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Institute of Medicine (US) Committee on the US Commitment to Global Health. The US Commitment to Global Health: Recommendations for the New Administration. Washington (DC): National Academies Press (US); 2009.

Cover of The US Commitment to Global Health: Recommendations for the New Administration

The US Commitment to Global Health: Recommendations for the New Administration.

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Mobilize financial resources for health

Attaining global health will require more than just improving the U.S. government machinery that oversees global health programming and activities. A greater financial commitment will also be needed, including advanced economies making good on their promises of aid.105 Low-income countries depend greatly on external assistance to fund health programming. In some 30 African countries, 30 percent of health spending comes from donors and nongovernmental organizations;106 in Rwanda, this figure is more than 50 percent.107

The task of achieving the MDGs has become even more challenging in light of the current economic crisis. Sub-Saharan Africa, one of the regions hit hardest by rising food prices, could be further affected if foreign direct investment and aid flows now decline.108 In the current volatile atmosphere, there is a risk that some hard-won advances in poverty reduction and health could unravel. It is therefore especially important that the global community uphold its commitments and remain focused on the MDGs.109 The United States will need to go beyond affirming its current financial commitments and pledge additional resources, while also taking a close look at the distribution of funding.

Increase U.S. commitments to achieve health-related MDGs

The global community uses two benchmarks to quantify the basic health “needs” of low-income countries: the costs of scaling up to meet the health-related MDGs, estimated at $20 billion to $70 billion annually;110 or the price estimate of $34 per capita per year for an essential health benefit package, as assessed by the WHO’s Commission on Macroeconomics and Health. To meet these needs, low-income countries have been asked to raise an additional 1 to 4 percent of GDP in public revenue.111 While the committee supports the call for increased health spending by low-income countries, it also recognizes that revenue performance during the past few years has been disappointing and even stagnant in some regions.112 Even if poor countries mobilized an additional 1 to 2 percent of GDP to finance health, it would amount to only $12 billion to $24 billion, which is insufficient to meet the MDG needs.113 Likewise, if the aim were to deliver the $34 per year benefit package, poor countries would need to increase their health spending by more than 40 percent—an unlikely prospect.114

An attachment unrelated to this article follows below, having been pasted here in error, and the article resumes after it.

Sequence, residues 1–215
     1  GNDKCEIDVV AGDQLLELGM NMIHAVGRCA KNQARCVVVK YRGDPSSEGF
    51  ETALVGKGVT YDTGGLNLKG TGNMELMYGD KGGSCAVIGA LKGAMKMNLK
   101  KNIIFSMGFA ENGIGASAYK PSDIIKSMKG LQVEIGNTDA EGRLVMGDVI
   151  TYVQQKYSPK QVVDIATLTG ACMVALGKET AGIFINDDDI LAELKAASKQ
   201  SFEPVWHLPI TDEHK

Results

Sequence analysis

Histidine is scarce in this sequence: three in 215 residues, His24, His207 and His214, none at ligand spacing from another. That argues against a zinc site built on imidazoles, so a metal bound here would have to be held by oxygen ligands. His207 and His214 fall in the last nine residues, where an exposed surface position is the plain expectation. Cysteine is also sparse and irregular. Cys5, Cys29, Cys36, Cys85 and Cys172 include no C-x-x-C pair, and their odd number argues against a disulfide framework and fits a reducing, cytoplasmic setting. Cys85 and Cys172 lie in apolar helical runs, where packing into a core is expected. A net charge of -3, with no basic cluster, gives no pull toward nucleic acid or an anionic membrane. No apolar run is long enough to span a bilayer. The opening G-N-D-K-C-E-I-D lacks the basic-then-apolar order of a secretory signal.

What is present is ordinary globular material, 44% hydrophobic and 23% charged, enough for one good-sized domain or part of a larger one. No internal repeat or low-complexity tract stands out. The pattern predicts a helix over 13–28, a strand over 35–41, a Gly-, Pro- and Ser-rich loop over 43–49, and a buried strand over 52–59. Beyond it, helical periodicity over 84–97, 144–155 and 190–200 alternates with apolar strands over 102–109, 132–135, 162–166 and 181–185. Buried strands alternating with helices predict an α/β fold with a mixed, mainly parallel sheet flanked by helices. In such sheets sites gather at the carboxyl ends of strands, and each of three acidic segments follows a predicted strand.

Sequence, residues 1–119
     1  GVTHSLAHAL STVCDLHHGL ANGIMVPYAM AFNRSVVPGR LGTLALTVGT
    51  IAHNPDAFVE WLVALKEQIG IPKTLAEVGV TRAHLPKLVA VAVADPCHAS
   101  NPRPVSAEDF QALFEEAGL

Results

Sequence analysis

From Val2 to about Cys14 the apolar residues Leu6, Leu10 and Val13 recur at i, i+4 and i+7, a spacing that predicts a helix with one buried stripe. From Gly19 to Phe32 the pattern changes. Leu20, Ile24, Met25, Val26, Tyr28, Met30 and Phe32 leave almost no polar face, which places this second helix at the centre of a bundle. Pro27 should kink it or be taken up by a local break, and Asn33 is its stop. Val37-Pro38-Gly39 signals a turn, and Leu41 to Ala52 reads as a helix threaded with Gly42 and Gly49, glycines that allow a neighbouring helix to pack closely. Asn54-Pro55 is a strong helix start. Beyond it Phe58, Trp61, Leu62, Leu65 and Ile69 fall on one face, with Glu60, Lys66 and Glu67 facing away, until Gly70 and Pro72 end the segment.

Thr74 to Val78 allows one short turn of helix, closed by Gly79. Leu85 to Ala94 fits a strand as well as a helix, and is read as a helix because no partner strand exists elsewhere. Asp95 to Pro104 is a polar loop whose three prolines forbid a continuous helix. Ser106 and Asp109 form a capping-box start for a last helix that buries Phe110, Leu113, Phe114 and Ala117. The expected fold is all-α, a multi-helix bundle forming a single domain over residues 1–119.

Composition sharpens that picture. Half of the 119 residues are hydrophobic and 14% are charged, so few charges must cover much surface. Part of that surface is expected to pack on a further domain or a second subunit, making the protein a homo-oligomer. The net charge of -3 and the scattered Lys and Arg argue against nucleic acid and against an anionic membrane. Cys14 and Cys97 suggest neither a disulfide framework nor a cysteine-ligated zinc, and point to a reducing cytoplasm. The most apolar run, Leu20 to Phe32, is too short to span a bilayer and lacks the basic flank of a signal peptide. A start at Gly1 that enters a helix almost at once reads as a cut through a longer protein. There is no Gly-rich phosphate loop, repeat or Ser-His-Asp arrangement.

If poor countries are to move closer to meeting the MDGs and delivering essential health services, foreign assistance for health from advanced economies will need to increase. In 2002, the UN Millennium Project estimated that total overseas development assistance (ODA) volumes would need to rise to 0.54 percent of rich country gross national income (GNI)—or $135 billion—by 2015 if the MDGs were to be met.115 Unfortunately, although global ODA directed to health has increased significantly, from 4.6 percent of ODA in 1990116 to 16 percent in 2006,117 the overall level of ODA commitment is still too low to meet the MDG funding gap.

Between 2001 and 2008, State Department and USAID global health programming grew by nearly 350 percent (see Figure 4). As a result, health now makes up a significantly larger portion of both the U.S. foreign affairs and the overall ODA budgets. In 2006, health aid comprised nearly one-quarter of U.S. allocable aid; this is more than the average proportion of spending on health aid by other advanced economies (see Figure 5).118

Figure 4. State Department Global HIV/AIDS Initiative (GHAI) and USAID spending on global health (2001–2008).

Figure 4

State Department Global HIV/AIDS Initiative (GHAI) and USAID spending on global health (2001–2008). Source: Committee’s calculations based on Salaam-Blyther, 2008.

Figure 5. Share of allocable aid to health by Organisation for Economic Co-operation and Development (OECD) countries (2006).

Figure 5